The cause of the switch is in essence the banking sector. The BIS is (correctly) worried that the policies pursued may have delayed necessary reforms.
low interest rates reduce the opportunity cost of carrying non-performing loans and may lead banks to overestimate repayment capacity. All this could perpetuate weak balance sheets and lead to a misallocation of credit
Yes and as to bank reform we see that the BIS are worried by what the Eagles sang thus.
You’re afraid it’s all been wasted time
In a way the most daming citicism of the world’s central banks comes in this sentence here.
the high degree of uncertainty about the level and growth rate of potential output
As we are seeeing a confession here that the extraordinary moves have been taken in effect “blind” as to their result. And whilst individual central banks claim their independence is unaffected as a group they suddenly seem much less sure.
The very meaning of instrument independence therefore becomes unclear when central banks engage in large-scale balance sheet policy measures
Let me help them out, it means you are no longer independent. In some ways mere discussion of the subject implies that independence has been lost.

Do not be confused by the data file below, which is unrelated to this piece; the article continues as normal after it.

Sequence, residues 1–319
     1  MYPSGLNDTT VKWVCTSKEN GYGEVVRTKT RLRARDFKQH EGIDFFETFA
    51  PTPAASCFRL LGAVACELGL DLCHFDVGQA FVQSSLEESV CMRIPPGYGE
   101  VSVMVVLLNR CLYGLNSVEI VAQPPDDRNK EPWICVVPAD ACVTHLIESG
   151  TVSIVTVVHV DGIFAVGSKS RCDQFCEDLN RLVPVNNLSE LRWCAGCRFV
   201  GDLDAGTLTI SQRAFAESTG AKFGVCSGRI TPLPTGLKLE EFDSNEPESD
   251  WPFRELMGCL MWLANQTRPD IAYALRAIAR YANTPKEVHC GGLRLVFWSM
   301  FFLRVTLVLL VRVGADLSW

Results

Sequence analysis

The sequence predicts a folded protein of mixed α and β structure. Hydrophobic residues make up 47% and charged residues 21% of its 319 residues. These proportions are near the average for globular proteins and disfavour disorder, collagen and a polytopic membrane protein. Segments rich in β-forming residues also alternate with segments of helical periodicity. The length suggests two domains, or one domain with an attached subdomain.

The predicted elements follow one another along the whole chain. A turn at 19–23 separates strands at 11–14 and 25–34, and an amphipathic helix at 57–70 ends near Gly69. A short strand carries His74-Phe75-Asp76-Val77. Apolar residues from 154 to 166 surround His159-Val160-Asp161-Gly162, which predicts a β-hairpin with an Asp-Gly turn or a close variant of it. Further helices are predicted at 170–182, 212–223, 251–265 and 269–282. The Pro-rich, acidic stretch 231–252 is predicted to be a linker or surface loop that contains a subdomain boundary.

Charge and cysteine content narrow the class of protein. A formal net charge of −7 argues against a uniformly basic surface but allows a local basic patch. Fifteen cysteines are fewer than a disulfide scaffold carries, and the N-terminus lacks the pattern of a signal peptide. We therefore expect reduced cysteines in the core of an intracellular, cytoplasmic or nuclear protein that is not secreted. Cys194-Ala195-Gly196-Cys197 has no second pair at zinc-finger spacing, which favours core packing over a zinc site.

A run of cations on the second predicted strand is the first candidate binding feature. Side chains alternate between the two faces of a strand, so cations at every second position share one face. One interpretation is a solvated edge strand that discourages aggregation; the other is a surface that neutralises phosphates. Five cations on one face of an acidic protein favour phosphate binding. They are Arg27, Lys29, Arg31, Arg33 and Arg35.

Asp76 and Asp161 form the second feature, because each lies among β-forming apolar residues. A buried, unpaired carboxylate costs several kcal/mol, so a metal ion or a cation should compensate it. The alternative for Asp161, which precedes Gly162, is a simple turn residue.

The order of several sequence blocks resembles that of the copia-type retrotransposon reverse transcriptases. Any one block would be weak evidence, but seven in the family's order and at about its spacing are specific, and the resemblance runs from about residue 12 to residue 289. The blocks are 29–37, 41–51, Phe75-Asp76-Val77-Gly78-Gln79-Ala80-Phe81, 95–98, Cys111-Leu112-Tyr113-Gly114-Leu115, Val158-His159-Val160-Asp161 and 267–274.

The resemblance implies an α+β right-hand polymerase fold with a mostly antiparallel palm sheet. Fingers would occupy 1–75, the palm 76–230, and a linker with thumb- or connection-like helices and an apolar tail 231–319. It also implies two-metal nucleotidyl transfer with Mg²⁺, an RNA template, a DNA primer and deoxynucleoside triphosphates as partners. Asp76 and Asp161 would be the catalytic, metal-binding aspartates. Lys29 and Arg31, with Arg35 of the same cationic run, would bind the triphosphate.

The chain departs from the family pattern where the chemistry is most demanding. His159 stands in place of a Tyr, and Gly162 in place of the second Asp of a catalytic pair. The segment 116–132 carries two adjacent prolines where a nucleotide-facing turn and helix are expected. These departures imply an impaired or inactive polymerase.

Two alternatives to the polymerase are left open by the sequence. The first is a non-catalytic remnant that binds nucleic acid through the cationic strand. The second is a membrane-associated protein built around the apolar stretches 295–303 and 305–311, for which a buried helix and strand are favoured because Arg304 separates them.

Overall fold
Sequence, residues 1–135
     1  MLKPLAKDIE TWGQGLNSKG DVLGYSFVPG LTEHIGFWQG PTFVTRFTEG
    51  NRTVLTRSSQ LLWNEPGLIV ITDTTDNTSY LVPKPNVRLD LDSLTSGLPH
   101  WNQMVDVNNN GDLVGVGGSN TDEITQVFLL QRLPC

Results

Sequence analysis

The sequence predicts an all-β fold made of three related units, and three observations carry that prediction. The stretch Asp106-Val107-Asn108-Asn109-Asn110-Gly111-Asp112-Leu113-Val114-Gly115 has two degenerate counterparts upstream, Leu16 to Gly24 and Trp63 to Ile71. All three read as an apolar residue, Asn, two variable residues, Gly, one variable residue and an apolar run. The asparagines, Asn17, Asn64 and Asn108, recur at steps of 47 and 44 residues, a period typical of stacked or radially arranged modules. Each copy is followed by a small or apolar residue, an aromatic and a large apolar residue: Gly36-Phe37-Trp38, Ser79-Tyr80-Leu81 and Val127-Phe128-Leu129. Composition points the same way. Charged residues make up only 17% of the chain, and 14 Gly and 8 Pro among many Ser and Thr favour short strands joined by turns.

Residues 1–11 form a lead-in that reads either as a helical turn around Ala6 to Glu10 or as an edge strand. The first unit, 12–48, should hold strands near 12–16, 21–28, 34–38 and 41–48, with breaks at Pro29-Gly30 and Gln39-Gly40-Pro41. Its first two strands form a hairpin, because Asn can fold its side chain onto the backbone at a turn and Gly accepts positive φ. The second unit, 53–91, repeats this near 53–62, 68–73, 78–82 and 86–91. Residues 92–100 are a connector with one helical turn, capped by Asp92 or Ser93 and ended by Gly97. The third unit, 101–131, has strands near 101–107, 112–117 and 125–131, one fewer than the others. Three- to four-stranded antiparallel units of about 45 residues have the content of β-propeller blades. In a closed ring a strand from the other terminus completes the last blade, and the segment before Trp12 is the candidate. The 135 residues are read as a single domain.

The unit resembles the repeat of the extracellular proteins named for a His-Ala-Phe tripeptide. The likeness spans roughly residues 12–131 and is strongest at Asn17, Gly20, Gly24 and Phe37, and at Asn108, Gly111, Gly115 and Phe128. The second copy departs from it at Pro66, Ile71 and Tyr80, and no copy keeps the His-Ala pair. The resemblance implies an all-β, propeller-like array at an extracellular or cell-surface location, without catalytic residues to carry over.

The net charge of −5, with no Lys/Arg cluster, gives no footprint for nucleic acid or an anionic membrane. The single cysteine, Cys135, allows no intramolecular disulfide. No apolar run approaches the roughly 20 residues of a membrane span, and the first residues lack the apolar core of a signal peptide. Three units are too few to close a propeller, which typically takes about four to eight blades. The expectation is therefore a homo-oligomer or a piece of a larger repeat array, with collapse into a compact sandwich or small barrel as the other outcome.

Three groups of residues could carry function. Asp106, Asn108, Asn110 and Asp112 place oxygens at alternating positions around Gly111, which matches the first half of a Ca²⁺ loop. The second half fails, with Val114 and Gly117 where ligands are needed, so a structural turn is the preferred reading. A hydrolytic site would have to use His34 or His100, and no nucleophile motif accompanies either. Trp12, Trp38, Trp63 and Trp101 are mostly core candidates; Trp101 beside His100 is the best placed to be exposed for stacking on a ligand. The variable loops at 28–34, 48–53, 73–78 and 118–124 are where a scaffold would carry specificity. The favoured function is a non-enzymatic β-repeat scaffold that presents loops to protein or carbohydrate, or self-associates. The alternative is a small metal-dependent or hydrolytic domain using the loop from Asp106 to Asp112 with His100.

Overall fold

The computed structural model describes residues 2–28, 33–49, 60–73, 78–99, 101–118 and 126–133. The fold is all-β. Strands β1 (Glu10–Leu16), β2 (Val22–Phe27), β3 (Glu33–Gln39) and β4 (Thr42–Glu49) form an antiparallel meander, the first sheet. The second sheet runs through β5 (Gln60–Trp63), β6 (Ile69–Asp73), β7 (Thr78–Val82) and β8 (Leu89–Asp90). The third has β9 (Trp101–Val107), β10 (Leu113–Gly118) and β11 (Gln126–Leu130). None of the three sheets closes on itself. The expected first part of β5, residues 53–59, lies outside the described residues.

It is interesting that the BIS is confessing here that the intellectual argument about central bank intervention has been lost. However I counsel caution about expecting a change of policy. If we look at its board members we have recently seen Governor King vote for an extra £50 billion of Quantitative Easing and Chairman Bernanke of the US Federal Reserve vote for a US $267 billion extension to Operation Twist! No doubt the Swiss National Bank will also continue its Euro accumulation campaign.
So there you have it central bankers are in a state of uncertainty and doubt but are likely to do the following.
Carry on Regardless
Royal Bank of Scotland
It is not my intention to scaremonger here so let me remind everyone that RBS is backed by the UK taxpayer. But as the “glitch” goes on and on and reaches nearly a week isn’t it good that we appointed a new board who really understood banking and could get to grips with the bank? Oh….
Imagine the problems right now if RBS was based in Athens or Madrid.